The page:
Differences Between Spruce & Fir Trees
The similarities between spruce and fir trees number about the same as their differences. Both are members of the pine family, are evergreen, and are classified as conifers, which means the trees have needles that grow singly from the twig (rather than leaves) and cones as fruit. The differences include the way the needles and cones grow and where the trees are located.
The needles of the spruce grow from the ends of short pegs on which they are mounted, according to the “National Geographic Field Guide to the Trees of North America,” by Keith Rushforth and Charles Hollis. After the needles fall off, spruce branches remain rough to the touch. The needles on fir trees are attached directly to the twigs and when the needles fall, the twigs are smooth.
The cones on both spruce and fir trees are found mainly near the top of tree, according to “Field Guide to Trees of North America” by the National Wildlife Federation. The difference is that the cones of the spruce tree hang downward and the cones of the fir trees stand straight up, leaking resin. Furthermore, fir tree cones drop their scales at maturity, literally disintegrating until only the core is left on the branch. Most spruce tree cones mature within a year, and fall off the tree intact.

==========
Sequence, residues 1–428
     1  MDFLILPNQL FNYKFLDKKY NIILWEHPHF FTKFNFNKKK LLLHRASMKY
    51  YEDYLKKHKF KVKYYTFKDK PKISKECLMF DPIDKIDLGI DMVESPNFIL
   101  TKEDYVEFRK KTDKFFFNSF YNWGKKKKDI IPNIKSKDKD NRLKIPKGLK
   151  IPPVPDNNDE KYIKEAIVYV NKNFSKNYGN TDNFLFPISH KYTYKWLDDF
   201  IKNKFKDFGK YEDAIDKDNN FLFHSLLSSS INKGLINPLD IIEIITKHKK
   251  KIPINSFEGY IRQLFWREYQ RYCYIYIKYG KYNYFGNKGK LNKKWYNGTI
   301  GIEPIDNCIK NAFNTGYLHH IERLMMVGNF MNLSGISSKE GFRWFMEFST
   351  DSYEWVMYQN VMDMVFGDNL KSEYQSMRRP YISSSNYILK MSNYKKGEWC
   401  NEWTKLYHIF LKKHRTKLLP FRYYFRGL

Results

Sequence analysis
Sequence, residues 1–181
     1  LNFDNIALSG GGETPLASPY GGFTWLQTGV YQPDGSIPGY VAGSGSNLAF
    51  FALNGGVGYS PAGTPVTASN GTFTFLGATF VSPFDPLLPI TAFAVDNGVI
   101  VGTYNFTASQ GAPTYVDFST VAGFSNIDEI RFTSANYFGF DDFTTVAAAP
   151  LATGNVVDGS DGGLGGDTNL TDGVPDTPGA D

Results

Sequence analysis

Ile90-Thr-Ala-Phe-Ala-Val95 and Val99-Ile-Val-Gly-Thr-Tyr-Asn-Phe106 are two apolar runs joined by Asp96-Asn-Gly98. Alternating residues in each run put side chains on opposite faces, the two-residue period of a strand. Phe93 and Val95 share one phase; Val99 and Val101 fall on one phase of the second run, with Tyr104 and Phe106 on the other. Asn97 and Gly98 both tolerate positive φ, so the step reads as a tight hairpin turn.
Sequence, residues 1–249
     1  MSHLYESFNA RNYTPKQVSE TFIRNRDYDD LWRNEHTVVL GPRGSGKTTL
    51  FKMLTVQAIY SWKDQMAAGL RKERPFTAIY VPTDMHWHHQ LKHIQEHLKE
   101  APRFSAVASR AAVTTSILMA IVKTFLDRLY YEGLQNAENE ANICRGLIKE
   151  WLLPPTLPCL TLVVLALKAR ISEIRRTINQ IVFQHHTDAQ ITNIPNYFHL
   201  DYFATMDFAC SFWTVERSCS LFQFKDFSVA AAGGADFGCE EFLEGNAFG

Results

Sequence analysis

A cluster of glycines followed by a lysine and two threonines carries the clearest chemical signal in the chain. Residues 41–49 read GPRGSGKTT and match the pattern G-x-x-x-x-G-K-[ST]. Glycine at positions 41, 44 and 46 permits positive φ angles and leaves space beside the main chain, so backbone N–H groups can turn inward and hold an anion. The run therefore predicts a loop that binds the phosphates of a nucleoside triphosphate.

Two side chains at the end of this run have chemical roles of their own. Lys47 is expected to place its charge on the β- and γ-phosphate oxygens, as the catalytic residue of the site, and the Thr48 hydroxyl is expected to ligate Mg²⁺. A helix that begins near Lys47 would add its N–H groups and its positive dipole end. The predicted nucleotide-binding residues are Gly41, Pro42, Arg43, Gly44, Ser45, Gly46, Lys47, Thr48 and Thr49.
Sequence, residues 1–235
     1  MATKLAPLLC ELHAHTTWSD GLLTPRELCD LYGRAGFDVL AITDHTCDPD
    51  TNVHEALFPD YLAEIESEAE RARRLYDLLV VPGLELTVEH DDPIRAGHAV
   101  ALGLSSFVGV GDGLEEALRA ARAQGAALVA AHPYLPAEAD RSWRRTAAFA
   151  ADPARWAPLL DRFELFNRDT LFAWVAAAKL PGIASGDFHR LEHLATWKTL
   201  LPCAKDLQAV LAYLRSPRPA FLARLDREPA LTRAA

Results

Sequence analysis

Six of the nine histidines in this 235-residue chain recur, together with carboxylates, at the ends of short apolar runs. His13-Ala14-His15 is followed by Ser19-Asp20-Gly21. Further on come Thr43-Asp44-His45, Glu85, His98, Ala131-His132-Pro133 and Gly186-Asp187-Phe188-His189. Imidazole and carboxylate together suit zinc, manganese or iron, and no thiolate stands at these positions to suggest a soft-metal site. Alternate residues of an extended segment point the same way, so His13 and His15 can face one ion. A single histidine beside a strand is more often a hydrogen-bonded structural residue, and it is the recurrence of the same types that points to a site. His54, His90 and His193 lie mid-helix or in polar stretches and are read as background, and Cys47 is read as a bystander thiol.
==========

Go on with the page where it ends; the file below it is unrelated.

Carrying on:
One other key difference between spruce and fir trees is location. Spruces are hardy evergreen conifers found in the colder reaches of the Northern Hemisphere, according to “The Illustrated Encyclopedia of Trees of the World,” by Tony Russell, Catherine Cutler and Martin Walters. Firs, on the other hand, are distributed across the continent, from Canada to Central America. One species, Frasier's fir, is found primarily in the southeastern United States.
Care For Spruce Trees
Spruce trees are common landscape plants and provide habitat for wildlife. Healthy spruce trees can live 200 years or more, according to Northern State University. They differ from other members of the Picea genus by the structure of their needles and bark. Pests and diseases threaten the health of spruce trees throughout the year. Water recently planted spruce trees regularly. Organic mulch adds nutrients to the soil, retains moisture, reduces weeds and maintains soil temperature. Fertilize spruce trees in late autumn or early spring. Avoid damaging any tree roots while digging around the tree. Discolored needles and dying branches are signs of disease in spruce trees. Tie the highest side shoot to the cut stub to create a new leader. Avoid “winter burn” by thoroughly watering the roots and surrounding soil before the soil freezes in autumn.
- “National Geographic Field Guide to the Trees of North America”; Keith Rushforth and Charles Hollis; 2006
- "Field Guide to Trees of North America"; National Wildlife Federation; 2008
- “The Illustrated Encyclopedia of Trees of the World”; Tony Russell, Catherine Cutler and Martin Walters; 2007
- Northern State University: Colorado Blue Spruce
- University of Wisconsin Extension: Evergreens: Planting and Care
- Oregon State University: Spruces (Picea)